'Even Engineers Can Save Lives': How an IIT Kanpur Student Saved a Man's Life on Air
How a quick-thinking engineering student saved a man's life on flight.
Image credits: IITKanpur / Twitter
Karttikeya Mangalam, an IIT Kanpur student, says that the skills he acquired in college helped him save a man's life who suffered diabetes-related complications mid-air.
Opening up about the incident in the IIT's magazine, the 21-year-old recollects the incident that unfolded several thousand feet above the ground.
Mangalam was flying to New Delhi from Geneva Via Moscow when he heard an air hostess enquiring about a doctor onboard to deal with a medical emergency.
When Mangalam saw a doctor rushing toward the struggling passenger, he decided to join him.
"I went to the person’s seat to help since I was one of his neighbours in the flight," he wrote.
The 30-year-old passenger, Thomas, according to Mangalam, had Type 1 diabetes since the age of 11 and had forgotten his insulin pump in hurry during the security check in a deposit tray at Sheremetyevo International Airport, Moscow.
Thomas' blood sugar level had risen beyond normal levels as it had been over five hours since he had taken his last insulin dose.
Luckily for him, he was carrying some cartridges of insulin with him, all he needed was a method to inject them.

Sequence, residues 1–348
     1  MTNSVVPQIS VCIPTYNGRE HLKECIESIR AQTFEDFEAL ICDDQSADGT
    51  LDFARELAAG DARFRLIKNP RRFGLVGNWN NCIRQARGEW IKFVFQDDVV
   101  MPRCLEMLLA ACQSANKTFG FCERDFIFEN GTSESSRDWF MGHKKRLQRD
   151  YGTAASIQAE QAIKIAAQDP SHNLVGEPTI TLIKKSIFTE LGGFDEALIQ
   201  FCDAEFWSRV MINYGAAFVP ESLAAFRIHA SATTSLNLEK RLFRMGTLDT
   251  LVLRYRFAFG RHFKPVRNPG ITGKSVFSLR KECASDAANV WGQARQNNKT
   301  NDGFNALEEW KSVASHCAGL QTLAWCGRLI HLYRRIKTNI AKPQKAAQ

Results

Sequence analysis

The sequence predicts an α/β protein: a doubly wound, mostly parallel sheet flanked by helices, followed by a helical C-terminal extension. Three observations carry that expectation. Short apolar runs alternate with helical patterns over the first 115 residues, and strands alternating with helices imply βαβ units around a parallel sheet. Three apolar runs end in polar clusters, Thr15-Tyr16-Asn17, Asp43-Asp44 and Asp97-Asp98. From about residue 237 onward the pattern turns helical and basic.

The doctor who was assisting him was diabetic too and used a "pen-esque contraption" to inject insulin himself. But his dosage was chemically different from what Thomas usually took. To make matters worse, Thomas’ insulin cartridges wouldn't fit doctor's pen as they were thinner than doc's insulin pen.
Here's when Mangalam put his troubleshooting skills to perfection. He asked the air hostess for WiFi password and found an engineering drawing style diagram of an insulin pen.
"I requested the air hostess to let me access the premium Wi-Fi available in the plane to check on the pen’s manual online, to which she reluctantly agreed. I looked up the manual and found a large engineering drawing style diagram showing how every part fits with each other."
And soon realised what was missing.
"I realised that somehow there were only 12 parts in it now while the diagram clearly showed 13 different parts. On cross-checking I realised that it was missing a spring that coiled before the cartridge and was essential to transfer the push motion from the back to the needle in front."
He then instructed the air hostess to ask the passengers for ballpoint pens as they had spring in them.
After trying a few springs, he found the perfect match and passed the makeshift pen to the doctor who then adjusted the dose, changed the needle and injected the dosage to Thomas.
After 15 minutes, the doctor reported that Thomas was stable as his blood sugar levels stopped rising and eventually came down.
Mangalam's quick thinking saved Thomas' life and a possible emergency landing.
His write up was shared on microblogging site Twitter by IIT Kanpur's Twitter handle and netizens hailed the quick-thinking engineering student.
Karttikeya Mangalam, a final year electrical engineering BTech student, saves life of a 30-year-old Dutch national using his basic engineering acumen. #IITK feels proud to share his story in his own words.https://t.co/SmHjYFUI2n pic.twitter.com/ybnRp19K3f
— IIT Kanpur (@IITKanpur) May 7, 2018
You can read the entire write up here.
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